It’s not unusual to see a long line outside of Fred’s in Tigerland, but the crowds weren’t gathered for a football game or free drinks on Thursday. Over 250 people took advantage of free coronavirus testing offered in the Fred’s parking lot from 9 a.m. to 5 p.m. 

Fred’s partnered with Neighborhood Health and Relief Telemed to provide testing in response to a recent influx of coronavirus cases among the young adult population. The majority of recent positive tests in Louisiana are concentrated between the ages of 19-39, according to Neighborhood Health CEO Jason May. 

May reached out to his longtime friend, Fred’s General Manager Jason Nay, to collaborate on a solution. 

“The problem with everything is that these kids don’t have access to testing,” May said. “They could be positive and asymptomatic but it’s not them that we’re worried about. It’s the elderly population and the high risk individuals.” 

Nay said the idea was to provide a familiar and convenient location for students who may not otherwise go out of their way to get tested. 

The Louisiana Department of Health confirmed the outbreak in connection to several Tigerland bars on Friday. The department received at least 100 reports of patrons and staff testing positive for COVID-19. 

"Anyone who visited Tigerland bars over the weekend should consider themselves exposed to COVID-19 and should self-quarantine for 14 days and monitor for symptoms," the statement read.  

Fred’s voluntarily closed certain days last weekend in response to the new cases and to avoid potential spread by students visiting family on Father’s Day. An Instagram statement released Thursday announced the closure, which remained in effect Saturday, although they did operate Friday with a limited volunteer staff. Nay said no staff members tested positive. 

 JL’s Place and Reggie’s also announced temporary closures, along with Baton Rouge-area restaurants such as The Chimes, Mid City Beer Garden and Overpass Merchants. 

“We shouldn’t have to wait for the governor to tell us to close down,” Nay said. “If we think we can have a situation, let’s take a break for the week.” 

Fred’s will resume business as usual this evening, though Nay doesn’t expect to see many customers for the next few days. Staff will conduct temperature checks at the door and encourage social distancing by asking groups to remain seated at separate picnic tables.

“If we have to close down every time 100 students get sick it’s going to be a long year,” Nay said. “Was it a proportionate reaction to 100 infections? Maybe, I don’t know. We’ll have to look back in three or four months and see.” 

May said he didn’t expect widespread infections when the bars reopened since college-aged patrons are typically in good health, but JUULs and vapes are likely a contributing factor. As students arrived for testing, Neighborhood Health representatives took the opportunity to explain the risks of sharing JUUL and vape devices.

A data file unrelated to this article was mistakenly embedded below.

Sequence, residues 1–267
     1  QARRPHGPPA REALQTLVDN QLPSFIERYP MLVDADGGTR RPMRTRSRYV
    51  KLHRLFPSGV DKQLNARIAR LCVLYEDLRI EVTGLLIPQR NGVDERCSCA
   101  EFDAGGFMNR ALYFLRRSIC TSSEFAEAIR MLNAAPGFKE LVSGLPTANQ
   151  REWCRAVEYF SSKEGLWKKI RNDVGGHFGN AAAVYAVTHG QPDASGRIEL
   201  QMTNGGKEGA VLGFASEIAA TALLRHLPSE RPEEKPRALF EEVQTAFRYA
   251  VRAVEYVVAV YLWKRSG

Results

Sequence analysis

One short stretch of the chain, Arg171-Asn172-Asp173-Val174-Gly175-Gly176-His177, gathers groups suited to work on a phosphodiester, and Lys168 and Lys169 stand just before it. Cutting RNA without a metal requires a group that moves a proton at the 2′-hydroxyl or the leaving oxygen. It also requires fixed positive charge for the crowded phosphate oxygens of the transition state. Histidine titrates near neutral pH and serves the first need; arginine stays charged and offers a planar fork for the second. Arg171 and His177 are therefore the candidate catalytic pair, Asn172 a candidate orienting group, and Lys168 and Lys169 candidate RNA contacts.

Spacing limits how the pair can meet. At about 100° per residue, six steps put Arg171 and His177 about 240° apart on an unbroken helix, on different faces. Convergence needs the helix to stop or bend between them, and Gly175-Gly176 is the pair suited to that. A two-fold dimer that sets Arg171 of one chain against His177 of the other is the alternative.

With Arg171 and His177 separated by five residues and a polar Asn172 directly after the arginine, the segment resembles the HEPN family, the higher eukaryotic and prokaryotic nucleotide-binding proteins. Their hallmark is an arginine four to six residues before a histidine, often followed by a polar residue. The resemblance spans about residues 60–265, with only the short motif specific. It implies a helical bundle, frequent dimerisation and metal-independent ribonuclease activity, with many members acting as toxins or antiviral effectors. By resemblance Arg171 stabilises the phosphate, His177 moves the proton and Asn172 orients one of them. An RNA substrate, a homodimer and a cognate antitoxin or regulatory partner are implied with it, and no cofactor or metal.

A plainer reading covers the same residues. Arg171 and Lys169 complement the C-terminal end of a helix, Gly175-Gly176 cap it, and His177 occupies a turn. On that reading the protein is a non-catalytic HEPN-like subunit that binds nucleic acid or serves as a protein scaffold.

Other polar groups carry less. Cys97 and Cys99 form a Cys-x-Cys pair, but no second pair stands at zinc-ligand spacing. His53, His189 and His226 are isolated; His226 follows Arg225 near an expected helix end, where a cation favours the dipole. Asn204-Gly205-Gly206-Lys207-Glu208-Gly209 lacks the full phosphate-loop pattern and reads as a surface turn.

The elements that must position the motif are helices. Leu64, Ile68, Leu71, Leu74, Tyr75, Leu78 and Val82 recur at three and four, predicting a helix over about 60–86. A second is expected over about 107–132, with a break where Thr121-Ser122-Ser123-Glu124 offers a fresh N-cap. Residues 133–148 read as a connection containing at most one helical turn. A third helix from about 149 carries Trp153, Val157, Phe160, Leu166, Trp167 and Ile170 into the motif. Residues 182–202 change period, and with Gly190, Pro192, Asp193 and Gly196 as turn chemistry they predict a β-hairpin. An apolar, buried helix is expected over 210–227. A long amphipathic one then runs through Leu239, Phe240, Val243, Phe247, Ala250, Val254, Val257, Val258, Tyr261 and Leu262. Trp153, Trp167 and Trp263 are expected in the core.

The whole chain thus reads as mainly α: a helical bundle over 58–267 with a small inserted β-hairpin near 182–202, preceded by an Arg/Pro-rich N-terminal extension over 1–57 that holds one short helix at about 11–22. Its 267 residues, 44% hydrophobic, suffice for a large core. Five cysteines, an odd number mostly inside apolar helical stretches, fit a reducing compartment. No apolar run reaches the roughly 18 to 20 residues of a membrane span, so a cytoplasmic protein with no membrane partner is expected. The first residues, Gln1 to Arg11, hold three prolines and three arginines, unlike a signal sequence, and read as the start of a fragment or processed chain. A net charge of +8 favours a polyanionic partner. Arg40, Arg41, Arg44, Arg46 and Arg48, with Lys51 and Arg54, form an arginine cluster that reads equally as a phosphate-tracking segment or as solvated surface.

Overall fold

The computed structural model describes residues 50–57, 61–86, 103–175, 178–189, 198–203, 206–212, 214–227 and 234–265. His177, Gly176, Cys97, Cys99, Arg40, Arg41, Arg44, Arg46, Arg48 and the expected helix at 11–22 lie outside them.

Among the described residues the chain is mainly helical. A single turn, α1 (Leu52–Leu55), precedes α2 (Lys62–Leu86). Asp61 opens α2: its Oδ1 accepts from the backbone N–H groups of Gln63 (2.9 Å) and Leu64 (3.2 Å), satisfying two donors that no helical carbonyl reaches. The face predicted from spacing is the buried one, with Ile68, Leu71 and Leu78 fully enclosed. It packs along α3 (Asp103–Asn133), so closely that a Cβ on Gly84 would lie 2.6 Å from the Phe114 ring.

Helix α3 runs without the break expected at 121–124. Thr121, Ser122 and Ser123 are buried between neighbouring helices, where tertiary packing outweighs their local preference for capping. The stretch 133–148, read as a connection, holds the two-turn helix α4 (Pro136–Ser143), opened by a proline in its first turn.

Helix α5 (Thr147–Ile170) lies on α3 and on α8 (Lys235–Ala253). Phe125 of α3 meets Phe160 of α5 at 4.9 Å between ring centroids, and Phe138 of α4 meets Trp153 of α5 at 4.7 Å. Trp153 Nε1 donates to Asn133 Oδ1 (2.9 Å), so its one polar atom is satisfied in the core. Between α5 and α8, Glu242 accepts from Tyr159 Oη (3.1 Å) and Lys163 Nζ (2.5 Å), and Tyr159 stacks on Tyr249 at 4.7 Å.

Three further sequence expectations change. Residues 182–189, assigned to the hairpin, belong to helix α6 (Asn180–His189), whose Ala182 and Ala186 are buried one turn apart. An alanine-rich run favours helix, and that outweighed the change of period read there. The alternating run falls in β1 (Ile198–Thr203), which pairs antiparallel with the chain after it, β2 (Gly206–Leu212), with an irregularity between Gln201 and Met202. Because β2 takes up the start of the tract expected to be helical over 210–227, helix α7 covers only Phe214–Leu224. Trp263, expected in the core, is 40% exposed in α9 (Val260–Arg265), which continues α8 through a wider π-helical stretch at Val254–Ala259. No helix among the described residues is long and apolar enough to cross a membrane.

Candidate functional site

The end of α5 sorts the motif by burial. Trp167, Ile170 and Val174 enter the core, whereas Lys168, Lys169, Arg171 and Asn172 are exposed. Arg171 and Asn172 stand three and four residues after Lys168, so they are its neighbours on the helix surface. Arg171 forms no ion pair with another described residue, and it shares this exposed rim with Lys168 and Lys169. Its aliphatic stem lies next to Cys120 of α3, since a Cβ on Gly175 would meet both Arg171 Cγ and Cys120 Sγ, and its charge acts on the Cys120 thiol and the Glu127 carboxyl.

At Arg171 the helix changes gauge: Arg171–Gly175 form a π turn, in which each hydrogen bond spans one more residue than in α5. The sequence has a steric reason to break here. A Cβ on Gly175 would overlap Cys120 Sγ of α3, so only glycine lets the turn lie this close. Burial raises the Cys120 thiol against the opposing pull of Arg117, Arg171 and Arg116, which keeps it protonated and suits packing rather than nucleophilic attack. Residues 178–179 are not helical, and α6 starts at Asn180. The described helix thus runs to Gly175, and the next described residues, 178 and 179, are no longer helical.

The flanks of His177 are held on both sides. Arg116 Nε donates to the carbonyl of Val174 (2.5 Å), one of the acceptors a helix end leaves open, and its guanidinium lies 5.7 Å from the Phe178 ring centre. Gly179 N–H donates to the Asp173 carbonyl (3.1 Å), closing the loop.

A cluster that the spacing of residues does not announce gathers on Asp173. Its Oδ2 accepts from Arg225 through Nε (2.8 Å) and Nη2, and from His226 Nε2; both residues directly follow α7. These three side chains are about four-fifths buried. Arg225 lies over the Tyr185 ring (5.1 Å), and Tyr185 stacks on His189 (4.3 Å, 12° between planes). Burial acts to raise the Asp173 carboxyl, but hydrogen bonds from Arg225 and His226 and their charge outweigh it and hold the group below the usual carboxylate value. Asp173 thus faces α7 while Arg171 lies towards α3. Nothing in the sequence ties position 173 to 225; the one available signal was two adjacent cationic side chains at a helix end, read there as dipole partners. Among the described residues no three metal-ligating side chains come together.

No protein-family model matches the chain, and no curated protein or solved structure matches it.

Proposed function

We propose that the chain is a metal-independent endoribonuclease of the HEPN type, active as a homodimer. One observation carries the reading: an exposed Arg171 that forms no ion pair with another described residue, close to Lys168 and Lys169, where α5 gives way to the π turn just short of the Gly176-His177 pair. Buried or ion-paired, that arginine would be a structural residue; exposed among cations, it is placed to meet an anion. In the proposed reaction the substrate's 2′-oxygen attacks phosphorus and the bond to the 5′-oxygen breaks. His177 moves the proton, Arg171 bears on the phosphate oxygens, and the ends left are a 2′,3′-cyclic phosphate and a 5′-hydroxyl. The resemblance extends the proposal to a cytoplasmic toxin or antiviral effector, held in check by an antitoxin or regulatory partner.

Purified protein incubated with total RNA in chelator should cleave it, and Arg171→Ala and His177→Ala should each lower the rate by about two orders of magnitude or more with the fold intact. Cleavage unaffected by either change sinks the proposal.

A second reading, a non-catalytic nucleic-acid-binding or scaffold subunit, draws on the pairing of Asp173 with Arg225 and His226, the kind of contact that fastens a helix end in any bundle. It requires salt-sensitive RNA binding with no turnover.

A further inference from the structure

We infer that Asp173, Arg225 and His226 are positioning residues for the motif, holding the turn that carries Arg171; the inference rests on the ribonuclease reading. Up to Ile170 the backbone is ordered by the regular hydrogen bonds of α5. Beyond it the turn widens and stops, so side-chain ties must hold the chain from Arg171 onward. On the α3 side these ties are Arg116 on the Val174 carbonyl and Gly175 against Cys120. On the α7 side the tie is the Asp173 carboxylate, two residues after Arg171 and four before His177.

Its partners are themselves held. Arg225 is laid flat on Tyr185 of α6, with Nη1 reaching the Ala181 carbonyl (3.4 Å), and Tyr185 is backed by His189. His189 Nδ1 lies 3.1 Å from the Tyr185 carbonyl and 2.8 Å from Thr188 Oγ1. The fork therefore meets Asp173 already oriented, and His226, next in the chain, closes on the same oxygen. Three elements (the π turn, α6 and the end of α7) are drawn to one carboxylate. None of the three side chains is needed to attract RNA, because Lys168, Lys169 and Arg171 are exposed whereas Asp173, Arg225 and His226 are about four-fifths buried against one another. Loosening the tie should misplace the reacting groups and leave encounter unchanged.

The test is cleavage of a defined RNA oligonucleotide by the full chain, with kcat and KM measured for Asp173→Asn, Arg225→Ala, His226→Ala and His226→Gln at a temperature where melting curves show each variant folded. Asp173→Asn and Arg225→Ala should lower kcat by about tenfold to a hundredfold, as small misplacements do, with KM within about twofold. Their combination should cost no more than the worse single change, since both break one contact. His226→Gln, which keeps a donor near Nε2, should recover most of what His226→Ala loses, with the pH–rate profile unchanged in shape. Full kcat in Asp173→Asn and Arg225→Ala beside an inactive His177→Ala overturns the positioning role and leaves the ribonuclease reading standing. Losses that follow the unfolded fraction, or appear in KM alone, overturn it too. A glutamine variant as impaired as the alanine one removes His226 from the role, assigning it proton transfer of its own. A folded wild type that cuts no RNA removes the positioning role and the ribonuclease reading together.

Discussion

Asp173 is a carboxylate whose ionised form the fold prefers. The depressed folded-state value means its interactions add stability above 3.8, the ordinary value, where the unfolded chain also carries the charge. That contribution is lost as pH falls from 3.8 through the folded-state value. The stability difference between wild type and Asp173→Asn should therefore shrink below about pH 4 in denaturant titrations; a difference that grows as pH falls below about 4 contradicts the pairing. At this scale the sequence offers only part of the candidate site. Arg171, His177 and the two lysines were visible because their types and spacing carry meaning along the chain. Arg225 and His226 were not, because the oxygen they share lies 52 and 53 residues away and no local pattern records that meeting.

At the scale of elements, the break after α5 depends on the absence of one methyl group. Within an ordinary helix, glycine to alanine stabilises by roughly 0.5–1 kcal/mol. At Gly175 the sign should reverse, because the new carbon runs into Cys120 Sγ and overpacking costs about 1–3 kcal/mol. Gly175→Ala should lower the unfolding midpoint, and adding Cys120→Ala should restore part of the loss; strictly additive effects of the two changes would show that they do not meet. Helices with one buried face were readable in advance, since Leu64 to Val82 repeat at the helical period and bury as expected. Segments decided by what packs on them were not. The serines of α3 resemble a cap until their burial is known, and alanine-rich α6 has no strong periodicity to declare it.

“We’re not here to preach to people, but we’re here to let people know that, if you’re concerned about this, these are the behaviors you can cut out,” May said. 

Nay agreed it’s all too common to stand outside Fred’s on a weekend night and see friends exchanging e-cigarettes. He also said Fred’s is often a secondary destination after a group has already shared drinks at a restaurant or attended a house party and played beer pong. 

The main concern, Nay said, is the older family members and relatives of the college students who are more prone to infection. Routinely traveling between a student apartment and the family home presents considerable risks. 

“Each student is a ticking time bomb right now because you don’t know when they’re going to get it,” Nay said. 

Patrons were encouraged to fill out an online form prior to their arrival. A valid student ID and government-issued ID were required but students without health insurance could still receive a test. As of 6 a.m., 248 students had registered for testing.

“When we saw the way that things were going, Neighborhood Health decided to pay a provider to come out and see people on the spot,” May said. “Our goal is that anybody who needs a test, we don’t want to turn away from getting a test.” 

May said the ultimate goal is to restore to a sense of normalcy as quickly and as safely as possible. If students plan on returning to Tigerland anytime soon, he advises them to regularly wash their hands and avoid high-risk activities such as beer pong, e-cigarettes and sharing drinks. 

“It’s tough because we’ve been singled out, and we’re not different from other restaurants in Baton Rouge that probably go through more alcohol than us,” Nay said. “We know the spotlight is always on us, so we just have to do what we can to shed light on what we do.”

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